9th January 2017 3 minute read
The continued coverage of the refugee crises reminds of what set me on the path to doing the job I do (Head of Corporate Responsibility). The moment is as clear in my mind as if it had happened yesterday. I had been asked to be part of a group that were invited to “spend the day with some refugees displaced by the Kosovo War” who were being house on an American Army base.
So my team mates and I headed down to the base to take up this offer and took along some footballs, equipment and kit so that we could set up some games for the people we were going to spend the day with. Our naivety meant that we were not prepared for what we would encounter; hundreds of people in a fenced in area of the base with little or no possessions to call their own.
At one point I was playing ‘keepie-uppies’ with a boy who was 7 years old and out of the corner of my eye I could see a lady watching on and weeping. Through a translator I was able to find out their horrific story and her reason for shedding a tear was that it was the first time she had seen her son smile in the three months they had been there…
Reflecting on the day made me realise how we and the organisation we worked for, giving us the time, can make a difference to the lives of others. Of course, there is far more to being a responsible, sustainable business but realising the impact of our actions on others is an integral part of the approach. Ensuring that we consider and manage the social and environmental impacts of our operations as well as the economic ones will help us to build better businesses – and stronger communities.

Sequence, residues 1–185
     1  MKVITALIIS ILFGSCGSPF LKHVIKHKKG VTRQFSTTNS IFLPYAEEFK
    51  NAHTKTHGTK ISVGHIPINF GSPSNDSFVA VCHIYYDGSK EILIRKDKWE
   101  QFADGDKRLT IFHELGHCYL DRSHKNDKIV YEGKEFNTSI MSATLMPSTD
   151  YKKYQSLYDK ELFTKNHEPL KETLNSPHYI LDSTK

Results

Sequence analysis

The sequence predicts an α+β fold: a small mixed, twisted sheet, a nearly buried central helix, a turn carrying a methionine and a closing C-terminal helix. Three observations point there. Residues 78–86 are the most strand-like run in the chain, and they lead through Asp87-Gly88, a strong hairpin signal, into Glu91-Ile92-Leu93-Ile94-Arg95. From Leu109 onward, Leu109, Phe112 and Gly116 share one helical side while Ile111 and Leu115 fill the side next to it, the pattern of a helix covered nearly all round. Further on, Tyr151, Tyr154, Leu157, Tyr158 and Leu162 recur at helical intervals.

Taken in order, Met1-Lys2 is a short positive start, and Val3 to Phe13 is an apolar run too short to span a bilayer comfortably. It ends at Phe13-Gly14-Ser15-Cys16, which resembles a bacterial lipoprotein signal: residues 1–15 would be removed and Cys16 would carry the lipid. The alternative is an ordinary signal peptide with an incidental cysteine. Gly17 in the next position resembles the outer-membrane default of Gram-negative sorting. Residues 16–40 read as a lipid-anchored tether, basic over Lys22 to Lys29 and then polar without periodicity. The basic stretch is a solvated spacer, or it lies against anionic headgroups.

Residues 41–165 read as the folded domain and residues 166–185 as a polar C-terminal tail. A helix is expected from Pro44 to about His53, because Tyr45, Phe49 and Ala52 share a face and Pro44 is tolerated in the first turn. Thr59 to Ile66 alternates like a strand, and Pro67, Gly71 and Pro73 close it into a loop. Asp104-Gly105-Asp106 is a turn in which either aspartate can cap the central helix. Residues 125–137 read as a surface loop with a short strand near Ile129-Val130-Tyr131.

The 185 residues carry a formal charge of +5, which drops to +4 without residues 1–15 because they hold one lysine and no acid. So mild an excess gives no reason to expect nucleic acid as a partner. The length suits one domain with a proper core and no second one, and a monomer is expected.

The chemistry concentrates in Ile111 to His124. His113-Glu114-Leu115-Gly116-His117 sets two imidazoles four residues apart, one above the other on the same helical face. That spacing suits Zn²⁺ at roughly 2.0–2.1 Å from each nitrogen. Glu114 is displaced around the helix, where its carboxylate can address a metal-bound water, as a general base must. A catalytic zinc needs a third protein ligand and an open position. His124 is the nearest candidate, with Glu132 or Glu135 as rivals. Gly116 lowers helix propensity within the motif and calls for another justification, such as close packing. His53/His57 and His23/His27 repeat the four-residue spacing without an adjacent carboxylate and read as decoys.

Creating a sustainable strategy that includes the traditional CSR elements, but also looks at the systems and processes to facilitate a responsible and sustainable organisation is surely the aim. Our values and behaviours that will drive that ambition and engaging our stakeholders will take the written strategy in to reality – creating a sustainable culture.
Strong, healthy businesses need strong healthy communities to thrive and develop. What I would like to see more of is collaboration between organisations. Throughout supply chains or between charities and companies that seek to build sustainability in each other, by aligning approaches and ways of working to make the most of opportunities that exist. Supply chain management programmes should not exert a way of working that compromises organisations, and the business to charity relationship should seek to build sustainability, not promote dependence.
The key being that as individuals we all have a part to play, as it is through our behaviours that we will affect real and long lasting change and collectively we really can be a ‘force for good’. We can all choose to lead more sustainable, responsible lives both in and out of work.